Hugo Kornelis (1/28/2013)
I though I understood the difference between STDEV and STDEVP, but apparently - I don't. And the explanations in Books Online don't help me either.
STDEVP: "the statistical standard deviation for the population for all values"
STDEV: "the statistical standard deviation of all values"
The only difference is the three words "for the population". Probably makes a lot of sense to someone who knows statistics inside out, but I am not that person. *lol*
The problem is that STDEVP is not actually the standard deviation of anything. It is actually an estimate of the standard deviation of a population for which only the values of a sample are known. BoL expresses it very badly. A better way of describing it would be:
STDEV: the standard deviation of an available sample, which is the standard deviation of a whole population calculated from all its members only if the sample consists of all the members.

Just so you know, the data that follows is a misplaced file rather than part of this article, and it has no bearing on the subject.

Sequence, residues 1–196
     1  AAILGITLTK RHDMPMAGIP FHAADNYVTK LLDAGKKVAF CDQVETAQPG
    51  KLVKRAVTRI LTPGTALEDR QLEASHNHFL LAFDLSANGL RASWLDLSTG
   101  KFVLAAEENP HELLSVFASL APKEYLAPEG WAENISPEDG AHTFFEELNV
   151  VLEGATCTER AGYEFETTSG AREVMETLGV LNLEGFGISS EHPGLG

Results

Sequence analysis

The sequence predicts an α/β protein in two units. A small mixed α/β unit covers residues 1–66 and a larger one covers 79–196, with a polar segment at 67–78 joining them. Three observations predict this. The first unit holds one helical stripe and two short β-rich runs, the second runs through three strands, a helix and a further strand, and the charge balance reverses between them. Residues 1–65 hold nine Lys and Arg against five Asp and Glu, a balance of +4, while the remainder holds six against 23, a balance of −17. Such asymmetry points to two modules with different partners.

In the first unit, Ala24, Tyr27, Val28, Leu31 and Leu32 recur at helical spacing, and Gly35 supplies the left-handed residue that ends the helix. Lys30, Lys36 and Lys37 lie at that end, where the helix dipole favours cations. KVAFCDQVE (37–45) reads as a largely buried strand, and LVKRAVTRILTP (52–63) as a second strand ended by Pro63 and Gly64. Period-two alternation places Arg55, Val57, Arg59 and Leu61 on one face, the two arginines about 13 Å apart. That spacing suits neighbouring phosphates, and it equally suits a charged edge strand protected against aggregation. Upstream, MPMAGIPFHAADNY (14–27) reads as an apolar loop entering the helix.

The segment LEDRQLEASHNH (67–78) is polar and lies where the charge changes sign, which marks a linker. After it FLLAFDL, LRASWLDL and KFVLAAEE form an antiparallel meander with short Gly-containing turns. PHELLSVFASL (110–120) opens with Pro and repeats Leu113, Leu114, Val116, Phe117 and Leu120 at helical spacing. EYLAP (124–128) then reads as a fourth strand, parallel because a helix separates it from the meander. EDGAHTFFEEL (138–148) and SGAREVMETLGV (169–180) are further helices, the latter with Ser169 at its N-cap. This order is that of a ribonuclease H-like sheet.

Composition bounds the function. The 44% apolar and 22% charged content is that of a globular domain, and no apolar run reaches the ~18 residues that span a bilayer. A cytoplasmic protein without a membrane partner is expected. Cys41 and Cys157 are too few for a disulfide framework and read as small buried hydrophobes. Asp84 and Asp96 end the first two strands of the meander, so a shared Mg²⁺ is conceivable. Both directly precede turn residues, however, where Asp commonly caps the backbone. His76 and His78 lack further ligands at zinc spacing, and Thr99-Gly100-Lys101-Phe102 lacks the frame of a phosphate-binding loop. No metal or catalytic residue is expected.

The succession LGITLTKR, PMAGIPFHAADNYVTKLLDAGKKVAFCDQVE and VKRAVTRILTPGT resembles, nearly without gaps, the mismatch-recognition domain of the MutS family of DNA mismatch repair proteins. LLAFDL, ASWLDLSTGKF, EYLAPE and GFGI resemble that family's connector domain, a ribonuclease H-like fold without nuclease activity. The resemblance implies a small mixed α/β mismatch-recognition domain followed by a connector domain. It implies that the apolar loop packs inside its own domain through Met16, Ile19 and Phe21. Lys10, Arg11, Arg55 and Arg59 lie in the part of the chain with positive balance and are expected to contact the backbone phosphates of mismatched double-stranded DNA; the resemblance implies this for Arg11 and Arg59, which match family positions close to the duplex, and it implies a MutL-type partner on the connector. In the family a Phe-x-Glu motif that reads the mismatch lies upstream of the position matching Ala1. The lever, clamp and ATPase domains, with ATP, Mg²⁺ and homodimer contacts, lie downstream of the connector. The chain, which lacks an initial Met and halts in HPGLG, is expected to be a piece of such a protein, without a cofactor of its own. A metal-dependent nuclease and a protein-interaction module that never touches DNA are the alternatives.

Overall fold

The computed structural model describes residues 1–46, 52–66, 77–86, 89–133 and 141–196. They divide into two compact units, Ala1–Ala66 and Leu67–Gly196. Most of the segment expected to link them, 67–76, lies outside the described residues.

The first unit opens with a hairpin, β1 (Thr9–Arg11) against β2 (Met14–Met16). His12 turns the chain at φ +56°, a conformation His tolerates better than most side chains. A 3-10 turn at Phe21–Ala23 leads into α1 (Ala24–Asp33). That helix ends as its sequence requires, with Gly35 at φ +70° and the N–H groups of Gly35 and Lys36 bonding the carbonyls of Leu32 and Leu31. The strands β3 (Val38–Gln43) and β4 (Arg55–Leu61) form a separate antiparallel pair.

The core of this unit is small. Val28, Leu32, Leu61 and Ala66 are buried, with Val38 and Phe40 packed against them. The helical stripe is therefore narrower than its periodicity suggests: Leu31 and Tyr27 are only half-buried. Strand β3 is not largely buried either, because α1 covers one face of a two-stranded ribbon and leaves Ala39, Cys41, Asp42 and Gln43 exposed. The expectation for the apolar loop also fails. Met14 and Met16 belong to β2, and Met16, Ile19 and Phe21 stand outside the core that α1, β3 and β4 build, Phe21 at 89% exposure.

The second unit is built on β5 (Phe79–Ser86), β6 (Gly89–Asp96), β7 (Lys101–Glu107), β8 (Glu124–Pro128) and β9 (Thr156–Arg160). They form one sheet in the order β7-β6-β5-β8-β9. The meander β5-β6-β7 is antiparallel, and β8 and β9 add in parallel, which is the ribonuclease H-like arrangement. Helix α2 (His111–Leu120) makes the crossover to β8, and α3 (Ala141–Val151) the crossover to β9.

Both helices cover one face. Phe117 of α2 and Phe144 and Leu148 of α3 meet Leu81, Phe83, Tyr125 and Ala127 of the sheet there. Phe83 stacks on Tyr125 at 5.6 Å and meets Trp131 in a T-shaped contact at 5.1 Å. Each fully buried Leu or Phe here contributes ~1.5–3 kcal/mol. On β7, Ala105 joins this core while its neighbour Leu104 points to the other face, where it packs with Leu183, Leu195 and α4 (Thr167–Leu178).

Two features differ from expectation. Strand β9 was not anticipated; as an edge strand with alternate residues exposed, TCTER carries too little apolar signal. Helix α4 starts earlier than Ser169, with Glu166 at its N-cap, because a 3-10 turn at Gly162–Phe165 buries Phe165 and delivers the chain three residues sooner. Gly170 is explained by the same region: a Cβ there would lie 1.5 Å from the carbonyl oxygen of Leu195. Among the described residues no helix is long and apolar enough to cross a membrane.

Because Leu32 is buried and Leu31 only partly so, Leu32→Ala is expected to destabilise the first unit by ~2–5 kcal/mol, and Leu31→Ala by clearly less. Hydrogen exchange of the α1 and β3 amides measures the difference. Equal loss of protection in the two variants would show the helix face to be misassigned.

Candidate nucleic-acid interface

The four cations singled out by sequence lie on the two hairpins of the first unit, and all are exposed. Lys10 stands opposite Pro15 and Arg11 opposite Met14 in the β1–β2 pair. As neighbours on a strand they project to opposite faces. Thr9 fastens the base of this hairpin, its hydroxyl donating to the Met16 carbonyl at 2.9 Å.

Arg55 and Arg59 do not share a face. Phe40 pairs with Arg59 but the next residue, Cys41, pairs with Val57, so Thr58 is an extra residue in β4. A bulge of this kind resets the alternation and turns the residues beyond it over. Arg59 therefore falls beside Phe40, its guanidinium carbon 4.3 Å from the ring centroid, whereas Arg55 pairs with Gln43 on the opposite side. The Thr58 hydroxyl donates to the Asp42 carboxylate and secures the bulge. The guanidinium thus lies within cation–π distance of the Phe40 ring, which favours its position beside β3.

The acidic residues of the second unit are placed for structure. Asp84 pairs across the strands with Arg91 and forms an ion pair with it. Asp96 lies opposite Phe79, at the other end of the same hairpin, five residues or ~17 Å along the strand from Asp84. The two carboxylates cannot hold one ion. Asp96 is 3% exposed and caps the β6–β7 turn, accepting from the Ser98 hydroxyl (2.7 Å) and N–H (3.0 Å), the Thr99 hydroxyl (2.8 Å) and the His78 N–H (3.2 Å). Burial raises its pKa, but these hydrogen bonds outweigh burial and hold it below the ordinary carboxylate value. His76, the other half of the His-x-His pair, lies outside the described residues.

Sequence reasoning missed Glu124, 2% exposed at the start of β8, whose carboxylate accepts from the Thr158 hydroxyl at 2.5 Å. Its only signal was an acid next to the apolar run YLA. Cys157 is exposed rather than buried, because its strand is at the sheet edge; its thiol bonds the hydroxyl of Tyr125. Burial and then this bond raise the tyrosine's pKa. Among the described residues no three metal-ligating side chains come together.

STDEVP: an estimate of the standard deviation of a whole population based on data for a sample which is significantly smaller than the whole population.
The relation between the two is easy to express: STDEVP = N*STDEV/(N-1) where N is the number of members in the (available) sample. STDEVP is statistically a significantly better estimate of the standard deviation that STDEV is (in the sense that the statistically expected error in the estimate of the whole population is smaller for STDEVP than for STDEV, if one considers all possible populations and all possible sensibly-sized samples of them), provided the sample is enough smaller than the whole population. Of course in the extreme cases (e.g. sample contains only one member - STDEVP is indeterminate; and sample is whole population - STDEV is accurate and STDEVP is not) STDEV is more useful than STDEVP, but many practical cases are not extreme.
STDEVP is relevant only to finite populations or to finite samples of infinite populations for which the distribution is not known analytically, not to known continuous distributions or to random variables with known distribution. Of course some random distributions/random variables don't have a standard deviation anyway, and there can be no estimate for what doesn't exist.